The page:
Researchers discover a protein in plant roots that could help reduce the need for chemical fertilizers
09/16/2020 // Divina Ramirez // Views

Nutrient-poor soil as a result of harmful commercial farming practices, such as the use of chemical fertilizers, is becoming more common around the globe. But experts find that plants might not need so much fertilizer, after all, thanks to a special protein located in their roots.

In a major breakthrough, an international team of researchers identified copper-containing proteins that are essential to the formation of belt-like lignin structures called Casparian strips located in plant roots. These structures act as barriers to control the uptake of nutrients from the soil that are essential for plant health.

In all, these findings, published in Current Biology, expose the role of the copper-containing proteins in managing important resources for the plant. Scientists could then manipulate these proteins to reduce the need for fertilizers and make plants more resistant to abiotic stresses like drought and extreme temperatures.

Special proteins contribute to the efficient use of important resources needed for plant nutrition

Plants possess proteins that are essential to maintaining the efficient uptake of important nutrients and resources. In particular, the researchers found that certain members of blue copper proteins, called uclacyanins, are integral to the formation of lignins that make up Casparian strips.

Blue copper proteins, also called cupredoxins, are small, soluble, copper-containing proteins that act as electron-transfer agents. In bacteria and plants, blue copper proteins shuttle electrons from an electron donor to an electron acceptor.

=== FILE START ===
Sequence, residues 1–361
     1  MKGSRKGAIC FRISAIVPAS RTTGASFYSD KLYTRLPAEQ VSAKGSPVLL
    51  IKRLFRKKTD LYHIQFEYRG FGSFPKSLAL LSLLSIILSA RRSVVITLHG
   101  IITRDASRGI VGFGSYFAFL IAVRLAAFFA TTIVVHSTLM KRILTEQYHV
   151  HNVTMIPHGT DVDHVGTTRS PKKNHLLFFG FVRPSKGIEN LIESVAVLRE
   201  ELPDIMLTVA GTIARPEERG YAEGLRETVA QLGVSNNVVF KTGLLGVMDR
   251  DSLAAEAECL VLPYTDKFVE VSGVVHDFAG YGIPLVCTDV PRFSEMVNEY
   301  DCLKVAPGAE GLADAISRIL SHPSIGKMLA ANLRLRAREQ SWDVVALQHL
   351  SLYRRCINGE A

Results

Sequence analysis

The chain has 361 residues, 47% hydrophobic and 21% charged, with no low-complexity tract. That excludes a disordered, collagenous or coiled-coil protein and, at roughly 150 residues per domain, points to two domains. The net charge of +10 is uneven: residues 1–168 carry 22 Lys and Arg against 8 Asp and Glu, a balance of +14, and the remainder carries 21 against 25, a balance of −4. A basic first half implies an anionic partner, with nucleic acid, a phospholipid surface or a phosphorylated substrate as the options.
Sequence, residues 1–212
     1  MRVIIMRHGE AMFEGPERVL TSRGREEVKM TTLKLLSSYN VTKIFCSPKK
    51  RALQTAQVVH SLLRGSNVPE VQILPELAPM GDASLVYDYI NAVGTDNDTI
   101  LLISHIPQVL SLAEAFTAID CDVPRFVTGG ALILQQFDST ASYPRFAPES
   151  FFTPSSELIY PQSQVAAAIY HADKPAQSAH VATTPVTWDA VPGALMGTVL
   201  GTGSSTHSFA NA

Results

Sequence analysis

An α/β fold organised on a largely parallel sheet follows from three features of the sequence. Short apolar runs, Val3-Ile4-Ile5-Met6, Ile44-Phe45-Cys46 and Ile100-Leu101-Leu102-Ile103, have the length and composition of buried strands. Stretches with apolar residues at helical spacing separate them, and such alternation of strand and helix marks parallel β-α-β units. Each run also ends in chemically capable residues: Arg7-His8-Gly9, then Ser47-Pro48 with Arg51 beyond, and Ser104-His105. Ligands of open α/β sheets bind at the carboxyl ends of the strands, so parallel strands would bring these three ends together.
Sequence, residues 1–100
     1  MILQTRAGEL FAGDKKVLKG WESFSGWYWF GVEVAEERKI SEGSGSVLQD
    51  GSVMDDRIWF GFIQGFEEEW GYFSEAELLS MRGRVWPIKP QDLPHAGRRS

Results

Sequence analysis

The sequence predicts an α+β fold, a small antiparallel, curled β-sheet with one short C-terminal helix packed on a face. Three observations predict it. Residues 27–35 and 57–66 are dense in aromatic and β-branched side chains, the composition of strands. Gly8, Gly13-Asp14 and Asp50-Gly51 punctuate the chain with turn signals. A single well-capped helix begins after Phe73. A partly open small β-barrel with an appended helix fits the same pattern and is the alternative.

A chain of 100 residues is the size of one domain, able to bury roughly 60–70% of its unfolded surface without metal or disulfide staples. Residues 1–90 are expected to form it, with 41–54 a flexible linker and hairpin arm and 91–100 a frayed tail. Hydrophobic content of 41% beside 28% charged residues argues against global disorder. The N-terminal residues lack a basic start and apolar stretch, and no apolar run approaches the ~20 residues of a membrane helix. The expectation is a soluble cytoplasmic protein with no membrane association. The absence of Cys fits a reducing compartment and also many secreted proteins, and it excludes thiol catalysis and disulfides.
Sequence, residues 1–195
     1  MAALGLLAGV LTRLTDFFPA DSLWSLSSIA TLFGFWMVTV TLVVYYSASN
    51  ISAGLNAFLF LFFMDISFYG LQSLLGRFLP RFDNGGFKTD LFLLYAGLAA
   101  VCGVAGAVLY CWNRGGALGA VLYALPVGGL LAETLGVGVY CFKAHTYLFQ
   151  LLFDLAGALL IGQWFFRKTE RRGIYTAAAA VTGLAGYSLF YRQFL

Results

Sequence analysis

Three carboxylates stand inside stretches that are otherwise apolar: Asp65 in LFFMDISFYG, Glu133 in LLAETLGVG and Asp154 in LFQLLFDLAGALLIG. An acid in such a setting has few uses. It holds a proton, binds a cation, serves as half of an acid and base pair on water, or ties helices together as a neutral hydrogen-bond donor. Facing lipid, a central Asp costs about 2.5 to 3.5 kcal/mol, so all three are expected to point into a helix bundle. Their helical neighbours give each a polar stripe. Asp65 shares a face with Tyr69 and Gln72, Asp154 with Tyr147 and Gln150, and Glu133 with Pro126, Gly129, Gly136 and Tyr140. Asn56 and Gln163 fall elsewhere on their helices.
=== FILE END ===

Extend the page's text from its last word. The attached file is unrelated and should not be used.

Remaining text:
Casparian strips, on the other hand, are bands of cork-like tissue found in plant roots. These lignin structures regulate the plant's water and mineral uptake, as well as protect the plant from the damaging effects of salts dissolved in irrigation or soil water.

Casparian strips have since been studied for their vital function in the selective uptake of plant nutrients, but scientists understood little about the importance of uclacyanins in the formation of lignins in the strips. This is the first study of its kind to explore the implications of uclacyanins in the biosynthesis of lignin.

Commenting on their findings, lead researcher Guilhelm Reyt from the University of Nottingham in the UK said that the research exposes the molecular mechanisms underpinning efforts to improve nutrient use efficiencies and enhanced stress tolerance in plants.

Understanding these mechanisms could help scientists create crops that are efficient in their acquisition and use of important nutrients. Such beneficial modifications could also discourage the use of chemical fertilizers and reduce the ecological damage its production and excessive use causes.

Plant gene breakthrough can help battle fertilizer pollution

This isn't the first time that scientists looked into plant structures in the hopes of curbing the excessive use of inorganic fertilizer and the ecological harm these substances cause.

In 2019, scientists from Cornell University's Boyce Thompson Institute (BTI) identified the genes that enable plants to interact with beneficial soil-dwelling fungi called arbuscular mycorrhizae (AM).

Their findings, published in the journal Nature Plants, showed that the genes allowed the plants to access phosphate, an essential element required for plant nutrition, which the AM fungi deliver to their roots.

To do this, the fungi colonize the roots, creating an interface for nutrient exchange. Through this mechanism, the fungi are also able to help plants recover from the effects of abiotic stressors like drought.

In order to control this process, plants have certain genes (CLE53 and CLE33) that modulate AM fungi colonization. For instance, if the plant isn't in need of phosphate, these genes prevent the AM fungi from latching onto the roots and providing more of the nutrient.

Being able to control this process, that is, altering levels of CLE genes in the plants, could aid farmers, said Maria Harisson, a plant biologist at BTI and a member of the research team. For instance, farmers could utilize the AM fungi to increase nitrogen uptake or nurse plants back to health after a drought.

Being able to manipulate these plant genes and utilize beneficial AM fungi could also help reduce the need for inorganic fertilizers, which often end up contaminating surface waters. (Related: Manmade wetlands can help reduce agricultural fertilizer pollution by up to 50%.)

Read more articles about cool plant research and natural remedies for pollution at

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